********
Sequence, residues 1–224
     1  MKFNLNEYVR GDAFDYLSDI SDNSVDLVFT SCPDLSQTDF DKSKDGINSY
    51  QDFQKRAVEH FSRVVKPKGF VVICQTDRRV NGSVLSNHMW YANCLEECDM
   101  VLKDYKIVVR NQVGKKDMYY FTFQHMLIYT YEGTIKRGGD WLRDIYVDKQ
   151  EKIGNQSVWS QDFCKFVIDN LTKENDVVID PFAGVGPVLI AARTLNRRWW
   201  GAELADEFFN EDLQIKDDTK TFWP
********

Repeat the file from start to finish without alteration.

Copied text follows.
Sequence, residues 1–224
     1  MKFNLNEYVR GDAFDYLSDI SDNSVDLVFT SCPDLSQTDF DKSKDGINSY
    51  QDFQKRAVEH FSRVVKPKGF VVICQTDRRV NGSVLSNHMW YANCLEECDM
   101  VLKDYKIVVR NQVGKKDMYY FTFQHMLIYT YEGTIKRGGD WLRDIYVDKQ
   151  EKIGNQSVWS QDFCKFVIDN LTKENDVVID PFAGVGPVLI AARTLNRRWW
   201  GAELADEFFN EDLQIKDDTK TFWP